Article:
This year so far, the tracks around here have been pretty green. They have been preparing them, but there still a lot of grit and sand and junk out there, so it's been lower traction. Most of my tuning has been to try to get the car to have grip enough to leave the corner better, and still steer.
I have been running the split upper deck sans damper plate, he car doesn't seem to miss the plate so far. There really hasn't been enough traction to make the car roll hard just from the grip. However, and this plays into the heavy pivot post's usefulness, as the car gets heavier, it may be worth while to try it. The heavy pivot post is a nice part, especially for rubber tire since you save room on the chassis. I have been adding an additional 1 oz. (28g) lead per side right behind the radio trays, so 2 oz. or 56g basically in the center of the car. This is VERY helpful. in addition to that, I tried another 14g on each radio tray as a test, which i'm undecided about. I also run 14g behind the servo flat on the chassis, and 7 to 14g on the wing right about even with the body mount for the nose. This weekend I also added 14g (7 on each side) to the wing right in front of the camber plate.
The nose weight depends on the track, and how much grip the car has. Too much (usually more than 14g in the forward most position) and the car won't center up. Too little and the car will push especially on power.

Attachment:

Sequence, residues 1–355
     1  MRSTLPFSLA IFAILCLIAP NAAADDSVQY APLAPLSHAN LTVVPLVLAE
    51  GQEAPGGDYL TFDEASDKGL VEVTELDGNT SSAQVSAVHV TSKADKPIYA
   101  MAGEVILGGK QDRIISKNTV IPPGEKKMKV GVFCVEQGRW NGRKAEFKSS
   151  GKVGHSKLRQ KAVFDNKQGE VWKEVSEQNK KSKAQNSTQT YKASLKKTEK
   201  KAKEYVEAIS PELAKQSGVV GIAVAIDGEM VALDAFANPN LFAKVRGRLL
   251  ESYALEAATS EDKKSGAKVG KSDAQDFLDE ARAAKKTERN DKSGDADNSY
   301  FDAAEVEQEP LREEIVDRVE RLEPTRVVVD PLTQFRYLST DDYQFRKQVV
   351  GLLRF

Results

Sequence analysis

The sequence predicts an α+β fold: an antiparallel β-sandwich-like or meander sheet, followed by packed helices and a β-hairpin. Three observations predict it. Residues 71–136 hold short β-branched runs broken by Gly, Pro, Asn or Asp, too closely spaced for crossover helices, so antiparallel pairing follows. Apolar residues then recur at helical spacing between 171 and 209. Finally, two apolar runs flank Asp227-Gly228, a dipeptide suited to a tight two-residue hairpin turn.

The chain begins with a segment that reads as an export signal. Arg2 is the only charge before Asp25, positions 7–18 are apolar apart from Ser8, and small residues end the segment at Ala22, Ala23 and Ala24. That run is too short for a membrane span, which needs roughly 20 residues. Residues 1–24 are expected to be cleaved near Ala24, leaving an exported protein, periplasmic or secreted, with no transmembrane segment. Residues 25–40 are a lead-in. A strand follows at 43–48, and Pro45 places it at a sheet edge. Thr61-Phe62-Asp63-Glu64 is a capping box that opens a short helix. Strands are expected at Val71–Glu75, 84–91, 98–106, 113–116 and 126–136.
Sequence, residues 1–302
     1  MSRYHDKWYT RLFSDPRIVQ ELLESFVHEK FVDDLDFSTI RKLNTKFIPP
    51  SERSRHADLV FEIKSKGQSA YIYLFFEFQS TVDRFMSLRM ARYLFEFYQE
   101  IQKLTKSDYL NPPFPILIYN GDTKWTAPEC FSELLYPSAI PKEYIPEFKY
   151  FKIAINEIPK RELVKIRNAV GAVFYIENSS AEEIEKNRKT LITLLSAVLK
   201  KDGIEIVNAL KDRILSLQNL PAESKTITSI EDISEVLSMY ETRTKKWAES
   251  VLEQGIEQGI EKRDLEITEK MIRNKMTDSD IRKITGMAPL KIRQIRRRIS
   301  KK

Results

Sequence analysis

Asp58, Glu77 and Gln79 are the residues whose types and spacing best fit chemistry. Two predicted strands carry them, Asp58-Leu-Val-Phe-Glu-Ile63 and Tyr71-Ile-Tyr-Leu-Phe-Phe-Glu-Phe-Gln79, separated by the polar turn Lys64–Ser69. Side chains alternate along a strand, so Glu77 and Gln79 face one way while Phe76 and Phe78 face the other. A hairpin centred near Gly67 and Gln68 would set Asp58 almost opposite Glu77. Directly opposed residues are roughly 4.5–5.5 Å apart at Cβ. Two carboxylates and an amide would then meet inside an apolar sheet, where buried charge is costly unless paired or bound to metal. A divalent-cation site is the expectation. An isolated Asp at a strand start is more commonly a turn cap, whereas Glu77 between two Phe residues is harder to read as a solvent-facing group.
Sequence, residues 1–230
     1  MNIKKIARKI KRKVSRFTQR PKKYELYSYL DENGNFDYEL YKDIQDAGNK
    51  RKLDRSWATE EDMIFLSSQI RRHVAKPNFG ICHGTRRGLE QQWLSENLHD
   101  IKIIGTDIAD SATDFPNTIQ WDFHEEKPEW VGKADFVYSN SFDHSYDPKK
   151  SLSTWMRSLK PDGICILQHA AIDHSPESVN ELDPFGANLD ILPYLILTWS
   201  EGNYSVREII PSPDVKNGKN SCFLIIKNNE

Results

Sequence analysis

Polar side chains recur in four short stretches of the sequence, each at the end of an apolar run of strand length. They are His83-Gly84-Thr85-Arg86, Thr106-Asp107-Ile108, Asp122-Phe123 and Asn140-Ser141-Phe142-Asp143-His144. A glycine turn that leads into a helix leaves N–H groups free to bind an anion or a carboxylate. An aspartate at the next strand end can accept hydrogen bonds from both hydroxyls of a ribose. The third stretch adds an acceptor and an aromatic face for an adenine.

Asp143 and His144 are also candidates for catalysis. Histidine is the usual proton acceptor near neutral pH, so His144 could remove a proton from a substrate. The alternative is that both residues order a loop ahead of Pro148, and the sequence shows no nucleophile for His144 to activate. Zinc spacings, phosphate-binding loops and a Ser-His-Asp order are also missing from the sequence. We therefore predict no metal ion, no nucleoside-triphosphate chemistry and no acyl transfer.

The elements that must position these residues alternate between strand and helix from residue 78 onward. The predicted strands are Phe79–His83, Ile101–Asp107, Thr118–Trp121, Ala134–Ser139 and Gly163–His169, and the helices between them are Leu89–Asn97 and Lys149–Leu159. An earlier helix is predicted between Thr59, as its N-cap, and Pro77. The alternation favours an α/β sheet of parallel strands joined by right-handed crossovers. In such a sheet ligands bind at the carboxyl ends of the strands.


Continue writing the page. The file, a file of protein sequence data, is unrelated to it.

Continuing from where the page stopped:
My car wound up as a tank with about 140g of lead spread around the chassis overall, not counting the additional weight of the heavy post over a plastic or aluminum piece. The only bad thing was as I added the last 28g to the car on the radio trays, it started to roll more and even wag the rear end a bit until the tires warmed up. At this point I'm not sure if I just have too much weight, or if I need the damper plate back. I tend to think maybe just a bit too much weight. I probably will try the damper plate just because it's worth knowing the effects.
I have found you can still use the camber settings (1.0, 1.5, 2.0, etc) to add overall steering without making the car totally bananas, if you reduce camber gain with a lowered, flat upper arm. I was able to go from 1.0 to 1.5 to get some more steering without overpowering the rear of the car. I'd like to add even more just to see what will happen. I know last year, adding camber always helped steering. When the traction was really good, you could run 2* + and really get the car turning.
The other really important adjustment for rubber tires is shimming under the rear ball stud of the upper arm. This controls the active caster effect, and is super critical for rubber tires since this car always wants to wash out the front end mid corner. Adding shims under the ball stud will add mid corner grip. I got up to 1.5mm in shims this weekend, had the extra steering, but it was still controllable. This is probably the most important adjustment for rubber tires, since it works very independently of the other front end changes. You can maintain the fell you have and still add or reduce cornering power.
I recommend the split upper deck as well. Right now I have it on, and I only have the screws in the pivot post securing the upper deck. I'm using the FRP lower chassis, and I think letting the chassis flex front to back is letting my car get more forward bite. It was able to launch pretty well out of the corner. Usually, I would not think the front to back flex would help, but I think the funky T bar design needs all the help it can get putting the power down.